3. Creation of a National Hi-Tech Crime Unit is a part of law enforcement strategy on hi-tech crime, which has been developed at NCIS on behalf of Association of Chief Police Officers, National Criminal Intelligence Service, National Crime Squad and HM Customs and Excise.
4. The commitment to a National Hi-Tech Crime Strategy and Unit is set against the background of the implementation of the Regulation of Investigatory Powers Act, the work we are taking forward through the G8 Lyon Group and £25 million to set up a National Technical Assistance Centre (Home Office press release 070/2000 refers).
5. Funded by a £37 million allocation from the SR2000 settlement, the National Management Information System will roll out to the 43 forces in England and Wales by April 2003. NMIS may be expanded at a later date with the Scottish police forces and Royal Ulster Constabulary expressing an interest in the system.
6. NMIS will be rolled out to forces by the Police Information Technology Organisation with their commercial partner Hays Redfern. By providing a consistent and comprehensive approach to information management and analysis, the NMIS 'data warehouse' will have numerous local, national, operational and strategic applications.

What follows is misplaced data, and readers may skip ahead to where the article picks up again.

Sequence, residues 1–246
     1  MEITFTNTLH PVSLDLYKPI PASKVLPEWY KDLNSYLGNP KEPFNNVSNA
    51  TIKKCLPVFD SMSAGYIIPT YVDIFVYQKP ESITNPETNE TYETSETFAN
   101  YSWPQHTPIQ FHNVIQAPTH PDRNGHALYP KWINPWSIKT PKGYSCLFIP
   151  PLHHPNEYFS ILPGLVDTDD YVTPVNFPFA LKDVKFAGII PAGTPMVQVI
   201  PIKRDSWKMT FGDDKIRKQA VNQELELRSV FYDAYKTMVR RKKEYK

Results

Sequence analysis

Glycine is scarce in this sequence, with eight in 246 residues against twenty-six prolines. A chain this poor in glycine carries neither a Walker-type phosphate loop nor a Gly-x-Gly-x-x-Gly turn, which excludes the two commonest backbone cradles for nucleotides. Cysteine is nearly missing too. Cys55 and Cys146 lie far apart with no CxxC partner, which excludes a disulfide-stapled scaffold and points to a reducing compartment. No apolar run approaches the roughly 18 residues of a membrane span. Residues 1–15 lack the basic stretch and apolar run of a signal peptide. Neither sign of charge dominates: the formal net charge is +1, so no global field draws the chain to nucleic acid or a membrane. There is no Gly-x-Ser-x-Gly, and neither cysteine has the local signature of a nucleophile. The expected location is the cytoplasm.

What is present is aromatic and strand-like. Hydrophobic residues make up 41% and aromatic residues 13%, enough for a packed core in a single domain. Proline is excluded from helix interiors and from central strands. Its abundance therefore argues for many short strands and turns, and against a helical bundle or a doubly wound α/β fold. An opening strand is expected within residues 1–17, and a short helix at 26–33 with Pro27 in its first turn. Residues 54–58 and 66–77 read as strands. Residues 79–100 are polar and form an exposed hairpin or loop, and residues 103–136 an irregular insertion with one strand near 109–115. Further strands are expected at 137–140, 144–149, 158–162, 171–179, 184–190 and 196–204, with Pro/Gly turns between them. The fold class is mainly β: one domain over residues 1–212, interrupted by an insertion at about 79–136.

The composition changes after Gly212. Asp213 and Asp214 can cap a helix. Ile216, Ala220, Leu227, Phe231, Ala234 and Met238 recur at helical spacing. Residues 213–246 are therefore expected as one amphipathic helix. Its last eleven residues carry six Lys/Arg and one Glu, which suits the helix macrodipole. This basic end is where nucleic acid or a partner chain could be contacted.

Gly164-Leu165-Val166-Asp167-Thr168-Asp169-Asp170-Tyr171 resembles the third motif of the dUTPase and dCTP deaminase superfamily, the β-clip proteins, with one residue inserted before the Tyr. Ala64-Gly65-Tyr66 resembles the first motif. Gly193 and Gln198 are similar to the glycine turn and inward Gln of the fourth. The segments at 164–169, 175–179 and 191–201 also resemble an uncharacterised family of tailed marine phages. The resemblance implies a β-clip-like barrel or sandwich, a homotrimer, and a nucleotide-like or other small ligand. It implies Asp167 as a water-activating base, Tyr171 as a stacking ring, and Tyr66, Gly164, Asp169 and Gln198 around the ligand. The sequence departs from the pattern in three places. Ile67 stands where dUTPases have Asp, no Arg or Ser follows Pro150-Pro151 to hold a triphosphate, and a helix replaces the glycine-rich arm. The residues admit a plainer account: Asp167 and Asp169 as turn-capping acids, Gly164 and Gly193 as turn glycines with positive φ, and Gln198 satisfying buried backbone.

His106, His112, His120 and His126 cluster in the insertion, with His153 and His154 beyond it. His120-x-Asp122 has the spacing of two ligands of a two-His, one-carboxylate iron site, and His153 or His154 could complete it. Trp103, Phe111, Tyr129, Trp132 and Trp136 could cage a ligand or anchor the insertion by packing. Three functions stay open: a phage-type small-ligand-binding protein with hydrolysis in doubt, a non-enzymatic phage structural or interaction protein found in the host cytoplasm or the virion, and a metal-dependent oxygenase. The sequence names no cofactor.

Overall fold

7. At the local operational level NMIS will aid more accurate analysis of local crime trends and inform operational responses. For example, improved analysis of the fight against drug crime could have an impact on related areas such as vehicle crime or burglary that are used to feed a habit.
8. At a strategic management level, analysis of the experience and skills of officers could point to more effective ways of dealing with localised crime rates. And by enabling the sharing of data and analysis at a national level, the police could provide an enhanced proactive response to national crime trends, and make informed decisions about how best to use their resources.
9. The £37 million investment in NMIS is the latest in a massive programme of investment in technology for the police service:
· £500 million for the new national digital police radio system 'Airwaves';
· £168 million for the national DNA database and sample collection aiming to hold profiles of the entire criminally active population by 2004;
· £46 million for a National Strategy for Police Information Systems;
· £25 million for a National Technical Assistance Centre for processing lawfully obtained computer communications and encrypted data.